The importance of developing and maintaining an up-to-date cash flow model should not be underestimated. It should be an essential tool in every financial executive’s toolbox to help the business manage its cash flow and liquidity. It is especially valuable when a business faces various financial challenges and may also be required by financial institutions to support a company’s liquidity position, loan extensions, facility increase requests, and covenant waiver requests.

Cash flow modeling can forecast future cash flows by using a combination of historical information, estimates of future results, and educated assumptions about cash inflows and outflows. A good cash flow model will allow the user to look at various scenarios by changing assumptions and data inputs to provide “what if” scenarios. This can allow your business to prepare for potential changes in revenue streams, material costs, payroll, and other items.

Cash flow forecasts should be updated regularly, as frequently as weekly but no less than monthly. Forecast time periods can extend out as short as 18 months but are more commonly three to five years.

Cash Inflows

Key items impacting cash inflows include operational revenues, investment income, and rental income.

To forecast operational revenue, management needs to have a thorough understanding of monthly collection trends (i.e., number of days to collect receivables), an estimate of revenue growth based on anticipated new customers, volume increases from existing customers, and expected price increases.

Investment income can include dividends and interest, and capital gains. Dividends and interest cash inflow streams can be somewhat predictable, but capital gains and losses are often excluded due to their more unpredictable nature.

Rental income streams are usually much easier to predict since they are supported by lease agreements, presuming there is limited turnover.

Cash Outflows

Key items affecting cash outflows include raw materials and supplies, payroll and related costs, general and administrative expenses, debt service payments, and others.

Raw material and supply costs have a significant impact on a manufacturer’s business, for example, and have been especially impacted by supply chain issues and high inflation over the past few years. For manufacturers, it is critical to understand inventory turnover and the ability to incorporate price increases incurred on critical materials and supplies. Moreover, management should analyze the business’ ability to pass increases on to customers and maintain gross margins.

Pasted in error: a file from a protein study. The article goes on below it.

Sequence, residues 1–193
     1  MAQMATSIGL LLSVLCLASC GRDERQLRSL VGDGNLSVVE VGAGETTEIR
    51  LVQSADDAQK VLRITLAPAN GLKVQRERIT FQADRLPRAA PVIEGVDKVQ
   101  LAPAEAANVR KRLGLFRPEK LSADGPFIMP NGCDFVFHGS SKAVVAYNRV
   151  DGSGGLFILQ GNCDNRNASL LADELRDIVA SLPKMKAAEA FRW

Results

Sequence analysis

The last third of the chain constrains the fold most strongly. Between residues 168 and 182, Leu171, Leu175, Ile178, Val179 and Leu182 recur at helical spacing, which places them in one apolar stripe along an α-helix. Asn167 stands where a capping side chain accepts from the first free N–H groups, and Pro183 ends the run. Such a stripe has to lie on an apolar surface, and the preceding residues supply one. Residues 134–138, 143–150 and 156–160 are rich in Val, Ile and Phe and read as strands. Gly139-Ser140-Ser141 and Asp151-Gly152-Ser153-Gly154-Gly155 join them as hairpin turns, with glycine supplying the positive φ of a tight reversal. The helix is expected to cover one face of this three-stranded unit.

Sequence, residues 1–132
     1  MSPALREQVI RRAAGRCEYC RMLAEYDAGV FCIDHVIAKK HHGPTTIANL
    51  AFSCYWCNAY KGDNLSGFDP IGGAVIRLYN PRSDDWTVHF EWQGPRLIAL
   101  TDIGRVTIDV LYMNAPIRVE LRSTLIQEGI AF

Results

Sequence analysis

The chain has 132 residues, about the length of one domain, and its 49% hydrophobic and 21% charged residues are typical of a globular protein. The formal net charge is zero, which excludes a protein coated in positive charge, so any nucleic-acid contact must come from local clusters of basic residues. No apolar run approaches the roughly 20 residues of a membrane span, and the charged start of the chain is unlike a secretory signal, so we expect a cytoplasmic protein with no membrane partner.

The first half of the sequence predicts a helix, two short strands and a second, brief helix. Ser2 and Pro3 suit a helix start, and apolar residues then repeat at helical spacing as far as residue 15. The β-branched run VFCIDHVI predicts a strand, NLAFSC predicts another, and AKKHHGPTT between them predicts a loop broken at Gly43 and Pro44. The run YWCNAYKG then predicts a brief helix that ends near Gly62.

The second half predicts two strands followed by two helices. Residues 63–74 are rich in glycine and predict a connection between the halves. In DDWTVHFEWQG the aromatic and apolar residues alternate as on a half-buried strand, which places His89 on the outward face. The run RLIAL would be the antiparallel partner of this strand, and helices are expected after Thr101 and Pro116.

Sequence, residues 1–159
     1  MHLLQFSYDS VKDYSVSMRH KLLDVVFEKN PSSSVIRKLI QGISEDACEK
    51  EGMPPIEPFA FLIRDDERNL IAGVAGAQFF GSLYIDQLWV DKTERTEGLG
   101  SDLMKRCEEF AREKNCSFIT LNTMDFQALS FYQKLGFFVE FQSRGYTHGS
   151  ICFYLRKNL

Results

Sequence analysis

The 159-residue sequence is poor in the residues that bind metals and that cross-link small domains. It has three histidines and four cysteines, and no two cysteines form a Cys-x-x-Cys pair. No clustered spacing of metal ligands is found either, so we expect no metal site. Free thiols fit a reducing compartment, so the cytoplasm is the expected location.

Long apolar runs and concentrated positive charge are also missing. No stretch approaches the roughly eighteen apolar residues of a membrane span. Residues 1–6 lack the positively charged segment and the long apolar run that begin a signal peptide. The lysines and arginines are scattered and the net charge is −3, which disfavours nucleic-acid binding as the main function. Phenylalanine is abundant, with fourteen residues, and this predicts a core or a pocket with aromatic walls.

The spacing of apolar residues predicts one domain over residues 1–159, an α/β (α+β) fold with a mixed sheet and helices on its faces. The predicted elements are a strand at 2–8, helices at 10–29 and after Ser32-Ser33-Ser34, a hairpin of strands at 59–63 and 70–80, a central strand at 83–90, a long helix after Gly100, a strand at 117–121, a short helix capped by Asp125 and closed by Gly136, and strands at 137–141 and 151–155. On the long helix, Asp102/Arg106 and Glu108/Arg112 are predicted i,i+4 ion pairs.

Payroll and related costs are predictable for the most part, but your cash flow model needs to incorporate any anticipated increases or decreases in headcount, bonuses, raises, etc.

General and administrative costs can be analyzed and estimated. Similar to understanding your customer collections, you need to know the number of days accounts payable are outstanding and the impact of paying early discounts when available.

Debt service payments include financing with banks and other lenders, as well as capital and operating leases. Cash flow model forecasts may be utilized to support borrowing needs and increases to credit facilities to support your company’s growth.

Cash flow forecast models can be complex and do take time and understanding to develop. The cash flow model is a working document that can be continuously improved and updated. It is a tool that assists management in its decision-making process by understanding short- and long-term liquidity needs, its impact on operations, and the business’ potential borrowing requirements.

If you would like to discuss how developing a cash flow model can benefit your business, please contact Rich Snyder at Email.

Richard Snyder, CPA

Richard Snyder is a director with Kreischer Miller and a specialist for the Center for Private Company Excellence. Contact him at Email or 215.441.4600.    

 

 

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